An established set of guidelines that govern how data is transferred between various devices connected to the same network is known as a network protocol. In essence, it makes it possible for connected devices to interact with one another despite any variations in their internal workings, organizational structures, or aesthetics.
Below is the list of different network protocols which are a must-know if you are in the IT industry either as a professional or student.
Transmission Control Protocol(TCP)
A common protocol for network communication at the transport layer specifies how to connect and exchange data streams. It is a fundamental network protocol that ensures message delivery. Additionally, it assures that packets are delivered to the destination host in the same order as they were sent by the sender and guarantees packet order delivery.
User Datagram Protocol(UDP)
A datagram is a brief message that is sent using an unreliable transport layer protocol from the Internet protocol. UDP is a significant protocol that can be used instead of TCP to create low-latency connections without keeping track of the connection state.
File Transfer Protocol(FTP)
FTP is used to send and receive files. The default port for the network protocol used for file transfers between clients and servers is port 21. In accordance with the permissions granted by the server administrator, the FTP clients can be used to browse the server’s designated directory and modify the files.
FTP Servers – FileZilla FTPS, IIS FTPS, vsftpd, Pro FTPD, Pure FTPd
FTP Clients – FileZilla, WinSCP, FireFTP
SSH File Transfer Protocol (SFTP)
The standard protocol of FTP which is more secure in terms of data security.
A network protocol that uses cryptography to connect clients and servers securely over unsecured networks. The most popular servers and clients are listed below, along with the default port number for SSH communication, which is 22.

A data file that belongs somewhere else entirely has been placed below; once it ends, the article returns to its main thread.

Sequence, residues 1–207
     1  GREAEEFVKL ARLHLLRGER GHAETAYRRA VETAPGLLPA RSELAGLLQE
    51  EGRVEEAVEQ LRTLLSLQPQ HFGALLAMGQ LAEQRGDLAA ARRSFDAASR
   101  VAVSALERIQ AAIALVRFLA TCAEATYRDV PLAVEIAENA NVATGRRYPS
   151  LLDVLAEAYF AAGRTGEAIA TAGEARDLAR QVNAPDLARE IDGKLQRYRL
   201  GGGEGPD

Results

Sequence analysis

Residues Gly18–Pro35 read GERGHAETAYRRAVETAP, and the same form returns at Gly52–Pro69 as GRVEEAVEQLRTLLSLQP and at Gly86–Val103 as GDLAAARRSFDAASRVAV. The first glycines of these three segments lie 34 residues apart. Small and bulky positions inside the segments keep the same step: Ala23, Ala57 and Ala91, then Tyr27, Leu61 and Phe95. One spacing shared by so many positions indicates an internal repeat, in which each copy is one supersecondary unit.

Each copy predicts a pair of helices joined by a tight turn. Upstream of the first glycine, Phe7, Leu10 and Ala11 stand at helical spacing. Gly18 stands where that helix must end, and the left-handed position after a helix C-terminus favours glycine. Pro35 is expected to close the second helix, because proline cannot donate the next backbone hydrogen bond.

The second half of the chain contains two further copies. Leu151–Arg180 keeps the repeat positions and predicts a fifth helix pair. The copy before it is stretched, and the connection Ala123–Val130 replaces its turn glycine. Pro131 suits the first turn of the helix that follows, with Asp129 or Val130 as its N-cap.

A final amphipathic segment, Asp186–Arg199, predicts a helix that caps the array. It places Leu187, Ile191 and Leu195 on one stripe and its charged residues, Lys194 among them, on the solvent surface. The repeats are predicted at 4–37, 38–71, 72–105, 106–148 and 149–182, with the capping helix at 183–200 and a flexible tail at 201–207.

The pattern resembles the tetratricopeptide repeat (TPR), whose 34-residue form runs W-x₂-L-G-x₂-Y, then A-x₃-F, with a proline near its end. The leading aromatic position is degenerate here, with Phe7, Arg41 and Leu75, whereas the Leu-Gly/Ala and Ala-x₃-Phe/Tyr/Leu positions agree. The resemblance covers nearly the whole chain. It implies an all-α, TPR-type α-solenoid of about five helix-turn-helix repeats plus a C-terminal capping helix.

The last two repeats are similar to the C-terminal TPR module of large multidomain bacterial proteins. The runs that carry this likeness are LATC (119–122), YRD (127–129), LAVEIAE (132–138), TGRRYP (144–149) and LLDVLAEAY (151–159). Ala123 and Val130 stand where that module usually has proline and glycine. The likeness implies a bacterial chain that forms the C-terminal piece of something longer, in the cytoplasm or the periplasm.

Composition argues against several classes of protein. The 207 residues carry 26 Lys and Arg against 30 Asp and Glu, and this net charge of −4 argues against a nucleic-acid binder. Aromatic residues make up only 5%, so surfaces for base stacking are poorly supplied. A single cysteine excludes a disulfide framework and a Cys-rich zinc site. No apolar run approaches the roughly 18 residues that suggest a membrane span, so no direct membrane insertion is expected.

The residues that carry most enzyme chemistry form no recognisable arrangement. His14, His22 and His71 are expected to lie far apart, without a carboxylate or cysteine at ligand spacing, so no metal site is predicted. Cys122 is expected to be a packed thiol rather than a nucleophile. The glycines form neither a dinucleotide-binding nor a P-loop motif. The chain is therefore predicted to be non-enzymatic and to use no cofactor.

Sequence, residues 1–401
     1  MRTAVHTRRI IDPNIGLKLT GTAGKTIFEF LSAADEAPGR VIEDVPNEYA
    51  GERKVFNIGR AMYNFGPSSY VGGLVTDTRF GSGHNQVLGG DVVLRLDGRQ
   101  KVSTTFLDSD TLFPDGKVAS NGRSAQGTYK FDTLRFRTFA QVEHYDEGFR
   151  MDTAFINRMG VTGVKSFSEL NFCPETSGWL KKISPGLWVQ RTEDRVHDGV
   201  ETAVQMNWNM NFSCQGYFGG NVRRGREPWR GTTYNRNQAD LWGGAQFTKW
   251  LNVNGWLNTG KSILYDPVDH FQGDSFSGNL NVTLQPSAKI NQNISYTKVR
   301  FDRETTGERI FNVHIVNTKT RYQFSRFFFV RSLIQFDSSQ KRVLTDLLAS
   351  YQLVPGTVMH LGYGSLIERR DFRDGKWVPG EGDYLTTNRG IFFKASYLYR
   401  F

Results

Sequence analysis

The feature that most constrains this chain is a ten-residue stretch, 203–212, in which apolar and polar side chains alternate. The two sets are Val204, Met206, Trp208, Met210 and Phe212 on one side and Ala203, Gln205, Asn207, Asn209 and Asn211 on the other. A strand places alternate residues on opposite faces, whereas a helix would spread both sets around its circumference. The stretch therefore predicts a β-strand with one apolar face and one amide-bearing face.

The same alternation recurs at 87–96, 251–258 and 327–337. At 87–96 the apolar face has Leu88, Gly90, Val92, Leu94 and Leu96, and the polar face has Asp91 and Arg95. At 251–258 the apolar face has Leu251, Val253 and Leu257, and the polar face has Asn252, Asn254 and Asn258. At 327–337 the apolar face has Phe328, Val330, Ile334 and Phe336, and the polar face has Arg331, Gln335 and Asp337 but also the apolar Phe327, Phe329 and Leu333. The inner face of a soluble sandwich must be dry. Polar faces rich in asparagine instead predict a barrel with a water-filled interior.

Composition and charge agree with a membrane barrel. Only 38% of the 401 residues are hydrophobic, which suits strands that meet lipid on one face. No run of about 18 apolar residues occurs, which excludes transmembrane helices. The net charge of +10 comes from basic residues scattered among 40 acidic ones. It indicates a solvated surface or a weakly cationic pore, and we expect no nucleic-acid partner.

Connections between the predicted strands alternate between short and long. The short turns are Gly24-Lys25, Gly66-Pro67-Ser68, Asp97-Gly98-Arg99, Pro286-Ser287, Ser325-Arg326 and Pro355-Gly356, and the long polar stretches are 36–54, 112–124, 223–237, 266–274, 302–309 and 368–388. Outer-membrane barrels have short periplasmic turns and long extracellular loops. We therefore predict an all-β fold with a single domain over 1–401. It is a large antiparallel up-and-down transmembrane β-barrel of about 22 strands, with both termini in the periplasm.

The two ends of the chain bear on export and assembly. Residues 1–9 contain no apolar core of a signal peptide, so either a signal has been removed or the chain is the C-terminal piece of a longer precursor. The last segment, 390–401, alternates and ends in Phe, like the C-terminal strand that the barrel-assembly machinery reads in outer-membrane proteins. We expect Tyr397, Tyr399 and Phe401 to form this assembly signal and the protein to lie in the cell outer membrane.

Example: Openssh, Dropbear, etc.
A client and a server can communicate bidirectionally and interactively using this TCP/IP networking protocol over a terminal. 23 is the default port for Telnet communication. Also known as Teletype Network, this type of network is primarily utilized on terminals for computer-to-computer communication. Telnet only allows for the clear text transmission or transmission of unencrypted messages.
Internet Control Message Protocol(ICMP)
When network issues prevent the delivery of an IP packet, network devices use a network layer protocol to send error messages and operational information. Those packets are called ICMP transmitted using ICMP protocol. The ICMP messages are sent as datagrams, with an IP header enclosing the message data and being primarily used for packet failure and error detection.
Address Resolution Protocol (ARP)
The communication protocol is used to map an IP address to a physical machine address in the computer network. It’s used to discover the MAC address associated with the given internet address i.e. IPv4 address.
Reverse Address Resolution Protocol (RARP)
It is a TCP/IP network layer communication protocol used by devices or clients to request IP addresses from the computer network.
Secure Socket Layer (SSL)
An encrypted link between a web server and a web browser is established using a security protocol. It ensures that all communication between endpoints is encrypted and secure. It stops common security attacking methods like sniffing, man-in-the-middle attacks, and eavesdropping.